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Researchers at Aalto University, a highly ranked institution in Finland, are getting a step closer to quantum computers, according to a recently published journal article.
Quantum physics, the realm of subatomic investigations, may sound way too far from our reality, something that impacts only a few scientists who speak in equations, but the truth is that it is approaching our everyday lives.
Research centers like the one at Aalto University’s Department of Applied Physics are working on the implementation of the theoretical framework to make computer technology faster. Quantum computers can perform at a massively faster speed resulting in saving time while working on complex calculations.
Creating Quantum Computers
Subatomic engineering requires control over a set of special circumstances. The team led by senior lecturer Sorin Paraoanu designed a transmon chip, which, when cooled down just below absolute zero, starts behaving like an atom entering the quantum-realm. The group focused on the jump between energy levels of the transmon, the set values of energy the transmon can have.
To control the energy levels, scientists usually use microwave radiation, the transmon then absorbs the energy of the microwave and jumps to the next energy level. The specificity of this research is to make the energy level of the transmon jump more than one level.
Prior to this investigation, altering the energy-level by more than one changing more than one took the slow and very precise adjustment of the microwave. In order to make that happen faster, the team introduced a second microwave radiation thanks to which they are able to make the transmon jumping more than one energy level while having control over the maneuver.
Absorbing two photons of two microwaves at the same time increases the energy level of the atom by far so that it is close to the so-called quantum speed-limit, the estimated maximum speed the jump between energy levels is possible.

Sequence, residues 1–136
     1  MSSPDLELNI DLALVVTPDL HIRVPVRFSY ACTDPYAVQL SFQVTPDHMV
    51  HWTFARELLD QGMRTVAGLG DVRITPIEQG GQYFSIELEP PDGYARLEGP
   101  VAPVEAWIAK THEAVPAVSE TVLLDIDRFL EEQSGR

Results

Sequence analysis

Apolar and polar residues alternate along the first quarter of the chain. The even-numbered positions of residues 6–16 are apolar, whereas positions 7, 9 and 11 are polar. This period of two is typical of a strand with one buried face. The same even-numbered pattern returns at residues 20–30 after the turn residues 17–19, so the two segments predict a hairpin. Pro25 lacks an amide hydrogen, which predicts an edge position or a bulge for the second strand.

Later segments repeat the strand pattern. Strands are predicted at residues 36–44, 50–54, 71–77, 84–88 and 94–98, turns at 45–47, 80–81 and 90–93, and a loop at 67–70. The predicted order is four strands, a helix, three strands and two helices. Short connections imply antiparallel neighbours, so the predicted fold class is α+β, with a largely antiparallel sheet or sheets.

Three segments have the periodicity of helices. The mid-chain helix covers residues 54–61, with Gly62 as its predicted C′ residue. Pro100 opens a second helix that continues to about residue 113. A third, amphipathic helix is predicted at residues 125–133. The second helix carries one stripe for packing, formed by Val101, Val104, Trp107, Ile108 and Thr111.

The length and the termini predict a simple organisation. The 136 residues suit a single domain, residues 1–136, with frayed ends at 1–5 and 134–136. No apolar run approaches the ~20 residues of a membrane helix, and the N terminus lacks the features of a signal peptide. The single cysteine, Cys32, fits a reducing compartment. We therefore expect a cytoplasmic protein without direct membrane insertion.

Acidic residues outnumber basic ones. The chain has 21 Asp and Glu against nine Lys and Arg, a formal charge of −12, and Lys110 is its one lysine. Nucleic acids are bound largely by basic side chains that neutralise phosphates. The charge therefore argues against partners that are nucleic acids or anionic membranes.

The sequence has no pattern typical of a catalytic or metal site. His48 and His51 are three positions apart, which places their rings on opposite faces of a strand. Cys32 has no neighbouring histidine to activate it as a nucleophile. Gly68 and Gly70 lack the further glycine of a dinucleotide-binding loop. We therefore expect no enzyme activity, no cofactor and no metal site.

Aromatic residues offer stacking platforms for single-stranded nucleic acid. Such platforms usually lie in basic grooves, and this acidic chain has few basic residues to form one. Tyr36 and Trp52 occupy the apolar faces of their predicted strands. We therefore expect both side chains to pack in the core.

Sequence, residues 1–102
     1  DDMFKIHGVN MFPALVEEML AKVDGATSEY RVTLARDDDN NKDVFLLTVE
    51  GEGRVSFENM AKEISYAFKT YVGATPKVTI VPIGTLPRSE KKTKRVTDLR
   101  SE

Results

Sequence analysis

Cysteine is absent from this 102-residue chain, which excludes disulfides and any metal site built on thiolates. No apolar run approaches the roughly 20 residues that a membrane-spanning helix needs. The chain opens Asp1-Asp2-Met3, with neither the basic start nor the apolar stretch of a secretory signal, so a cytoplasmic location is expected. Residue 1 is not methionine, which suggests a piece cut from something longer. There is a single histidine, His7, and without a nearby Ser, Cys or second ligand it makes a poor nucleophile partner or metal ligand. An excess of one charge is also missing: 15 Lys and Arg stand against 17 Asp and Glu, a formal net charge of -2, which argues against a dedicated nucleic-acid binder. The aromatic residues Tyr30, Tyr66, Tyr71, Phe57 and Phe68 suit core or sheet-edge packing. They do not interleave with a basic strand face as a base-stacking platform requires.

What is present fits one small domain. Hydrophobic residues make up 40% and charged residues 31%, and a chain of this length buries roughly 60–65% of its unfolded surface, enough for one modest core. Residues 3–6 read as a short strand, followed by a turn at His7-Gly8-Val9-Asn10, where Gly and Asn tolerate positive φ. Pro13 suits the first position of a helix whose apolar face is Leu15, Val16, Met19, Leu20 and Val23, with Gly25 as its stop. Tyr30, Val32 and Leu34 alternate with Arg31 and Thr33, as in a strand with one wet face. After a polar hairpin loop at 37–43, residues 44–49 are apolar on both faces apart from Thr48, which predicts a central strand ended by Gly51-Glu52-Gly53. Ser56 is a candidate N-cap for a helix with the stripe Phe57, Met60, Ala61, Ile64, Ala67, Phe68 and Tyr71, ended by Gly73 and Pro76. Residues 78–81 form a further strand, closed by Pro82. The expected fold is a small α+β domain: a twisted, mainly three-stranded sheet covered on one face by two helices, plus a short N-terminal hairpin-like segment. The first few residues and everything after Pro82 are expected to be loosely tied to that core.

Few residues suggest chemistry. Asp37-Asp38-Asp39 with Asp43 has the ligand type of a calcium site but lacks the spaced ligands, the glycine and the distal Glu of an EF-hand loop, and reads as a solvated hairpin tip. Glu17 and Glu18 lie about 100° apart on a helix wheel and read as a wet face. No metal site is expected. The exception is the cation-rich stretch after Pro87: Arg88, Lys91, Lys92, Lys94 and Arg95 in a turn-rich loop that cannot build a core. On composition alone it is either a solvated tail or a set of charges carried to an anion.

Easy to imagine. Easy to understand?
In order to make this utterly complicated process of high-speed energy transfer easy to understand, Dr. Sergei Dunlin, one of the authors of the article translates it to a metaphor to EurekAlert.com: 'To get a useful quantum system, you need to imagine climbing a ladder while holding a glass of water, it works if one does it smoothly - but if you do it too fast the water will be spilled. Certainly this requires a special skill.' This is not the first attempt by scholars at Aalto to describe their passionate adventures in the arena of the subatomic:
Quantum computers for real?
Quantum computers are unique devices capable of executing advanced calculations faster than their traditional counterparts by allowing bits to be zero and one at the very same time since quantum physics allows superpositioning (electrons occupying multiple states at one time). So instead of processing operations sequentially, quantum computers can do it simultaneously.
And yes, they are for real: IBM introduced the first integrated quantum computing system for commercial use earlier this year. In addition to boosting the speed of calculations, the implementation of the work done by scientists will change the way we think about charging electric cars.